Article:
AP interview: Thompson says damages bill not done
Posted: Wednesday, March 30, 2011 8:02 pm
By LUCAS JOHNSON II
NASHVILLE (AP) — A proposed compromise to limit lawsuit damages in Tennessee is a step in the right direction, but there’s still work to be done, former U.S. Sen. Fred Thompson said Tuesday.
Gov. Bill Haslam’s proposal would place a $750,000 limit on non-economic damages like pain and suffering, and punitive damages would be capped at $500,000. There is currently no cap on either.
The administration late last week released changes to the bill that would create a special category for “catastrophic loss.” It would raise the cap for non-economic damages from $750,000 to $1.25 million in cases involving serious spinal cord injuries, severe burns or the death of a parent of minor children.
Thompson, one of the most popular Republicans in Tennessee, was hired by the Tennessee Association for Justice to lobby for the state’s trial lawyers. He told The Associated Press on Tuesday that brain injuries should be included in the list.
“I appreciate the … changes that he (Haslam) made,” Thompson said. “But there are some other things that could be improved upon and one of them is brain injuries. That is a significant omission.“
Haslam, a Republican, told reporters earlier Tuesday that he considers the most recent version of the measure to be complete.
“We’ve had ongoing conversations with a thought that once we finally come forward with a bill that it will be not one that we’re putting up to negotiate, but we’re putting the one up that we think is the right one,” Haslam said. “And we think the final form that it’s in now is a great bill for Tennessee.”
The proposed amendment increases non-economic damages in “instances of a spinal cord injury resulting in paraplegia, hemiplegia, or quadriplegia, amputation, substantial burns and the death of a parent leaving minor children.”
The legislation would also change the awarding of non-economic damages from a “per occurrence” basis to a “per injured plaintiff” basis, as well as eliminate any limitation on such damages “in instances when the defendant committed an act that would constitute a felony or was under the influence of alcohol or illegal drugs at the time the injury occurred.”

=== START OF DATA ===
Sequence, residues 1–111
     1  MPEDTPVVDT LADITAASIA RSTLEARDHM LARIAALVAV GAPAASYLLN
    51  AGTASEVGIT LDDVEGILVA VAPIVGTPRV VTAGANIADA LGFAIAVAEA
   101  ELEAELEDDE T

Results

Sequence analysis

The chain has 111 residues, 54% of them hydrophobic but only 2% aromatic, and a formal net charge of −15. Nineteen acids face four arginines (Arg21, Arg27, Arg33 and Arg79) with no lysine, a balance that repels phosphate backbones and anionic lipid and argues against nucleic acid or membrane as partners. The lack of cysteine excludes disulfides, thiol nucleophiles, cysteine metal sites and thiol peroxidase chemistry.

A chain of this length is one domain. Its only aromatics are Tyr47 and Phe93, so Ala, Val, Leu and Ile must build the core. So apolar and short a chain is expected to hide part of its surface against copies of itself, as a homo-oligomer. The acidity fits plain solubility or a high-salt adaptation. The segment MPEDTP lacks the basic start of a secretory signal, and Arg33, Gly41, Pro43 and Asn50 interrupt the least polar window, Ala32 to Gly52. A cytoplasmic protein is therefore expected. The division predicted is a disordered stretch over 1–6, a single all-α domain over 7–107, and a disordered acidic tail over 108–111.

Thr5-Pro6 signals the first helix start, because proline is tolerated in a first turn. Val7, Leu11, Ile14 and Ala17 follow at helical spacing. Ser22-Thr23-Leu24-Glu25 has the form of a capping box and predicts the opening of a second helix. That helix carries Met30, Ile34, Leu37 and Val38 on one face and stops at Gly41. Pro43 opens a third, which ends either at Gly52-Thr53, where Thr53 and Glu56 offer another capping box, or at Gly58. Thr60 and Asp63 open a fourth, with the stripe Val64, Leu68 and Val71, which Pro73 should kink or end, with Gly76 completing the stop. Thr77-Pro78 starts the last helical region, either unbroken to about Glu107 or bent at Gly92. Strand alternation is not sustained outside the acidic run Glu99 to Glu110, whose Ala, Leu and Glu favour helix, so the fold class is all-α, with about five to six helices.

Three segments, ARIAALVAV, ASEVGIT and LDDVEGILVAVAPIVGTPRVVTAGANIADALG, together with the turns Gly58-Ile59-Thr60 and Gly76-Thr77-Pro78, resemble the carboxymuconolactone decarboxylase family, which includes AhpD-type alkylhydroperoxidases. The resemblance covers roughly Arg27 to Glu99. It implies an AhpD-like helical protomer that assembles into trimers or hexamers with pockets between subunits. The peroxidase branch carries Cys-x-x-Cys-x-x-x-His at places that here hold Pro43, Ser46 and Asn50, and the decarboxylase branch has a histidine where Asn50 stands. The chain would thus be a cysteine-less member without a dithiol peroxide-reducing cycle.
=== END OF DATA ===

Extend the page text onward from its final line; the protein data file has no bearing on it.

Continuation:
Thompson said he doesn’t think the effects of the proposal, which is scheduled to start moving in the House this week, have been thoroughly thought out.
“What I saw here was a rush to make one side of the scales just as good and beneficial and helpful to certain folks as possible, without really thinking that much about what effect it was having on our system of justice,” he said. “So I’ve tried to take some time to explain the other side that I’ve personally seen and dealt with, as a lawyer and as a Republican.”
Thompson, who is also an actor, alluded to the stance of some of his Republican friends, such as Senate Speaker Ron Ramsey of Blountville and House Speaker Beth Harwell of Nashville.
Both Ramsey and Harwell told the AP last week that they consider Thompson a good friend, but intend to stick to the governor’s plan. Ramsey even commented that getting Thompson involved is “not going to change one vote in the General Assembly.”
“Some of my friends think that because they can, they ought to push to the outer-most limits,” Thompson said Tuesday. “I’m hopeful that in quieter moments they’ll consider what’s best for all Tennesseans and not some Tennesseans.”
Read HB2008/SB1522 at: http://www.capitol.tn.gov
Associated Press writer Erik Schelzig contributed to this report.
Published in The Messenger 3.30.11